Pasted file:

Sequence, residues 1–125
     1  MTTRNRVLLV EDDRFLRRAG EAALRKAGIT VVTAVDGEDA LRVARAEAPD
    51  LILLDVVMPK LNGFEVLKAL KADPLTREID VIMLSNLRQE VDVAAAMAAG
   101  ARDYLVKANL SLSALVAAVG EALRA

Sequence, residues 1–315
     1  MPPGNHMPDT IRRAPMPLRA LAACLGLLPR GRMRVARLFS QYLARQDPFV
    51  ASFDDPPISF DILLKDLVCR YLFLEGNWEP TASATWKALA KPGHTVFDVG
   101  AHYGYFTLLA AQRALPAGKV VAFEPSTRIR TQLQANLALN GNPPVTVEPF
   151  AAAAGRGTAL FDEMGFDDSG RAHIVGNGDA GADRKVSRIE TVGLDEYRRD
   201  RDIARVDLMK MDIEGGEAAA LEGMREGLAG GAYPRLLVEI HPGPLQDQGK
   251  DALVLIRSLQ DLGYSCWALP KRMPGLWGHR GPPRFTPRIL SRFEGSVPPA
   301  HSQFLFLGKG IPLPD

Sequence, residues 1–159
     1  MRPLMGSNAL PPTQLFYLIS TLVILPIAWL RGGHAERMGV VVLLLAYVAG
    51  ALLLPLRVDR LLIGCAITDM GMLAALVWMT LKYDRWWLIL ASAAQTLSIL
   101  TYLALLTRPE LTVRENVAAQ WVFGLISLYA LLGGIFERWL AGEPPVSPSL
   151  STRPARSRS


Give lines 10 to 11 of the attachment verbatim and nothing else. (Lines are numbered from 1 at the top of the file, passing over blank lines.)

   201  RDIARVDLMK MDIEGGEAAA LEGMREGLAG GAYPRLLVEI HPGPLQDQGK
   251  DALVLIRSLQ DLGYSCWALP KRMPGLWGHR GPPRFTPRIL SRFEGSVPPA